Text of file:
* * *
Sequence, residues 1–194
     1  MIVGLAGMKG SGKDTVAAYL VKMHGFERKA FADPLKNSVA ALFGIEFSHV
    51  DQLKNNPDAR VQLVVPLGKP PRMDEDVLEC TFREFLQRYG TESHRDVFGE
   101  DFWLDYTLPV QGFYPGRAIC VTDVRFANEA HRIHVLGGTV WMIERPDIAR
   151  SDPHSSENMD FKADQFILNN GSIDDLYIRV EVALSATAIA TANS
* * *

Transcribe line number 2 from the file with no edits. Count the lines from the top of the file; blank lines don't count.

     1  MIVGLAGMKG SGKDTVAAYL VKMHGFERKA FADPLKNSVA ALFGIEFSHV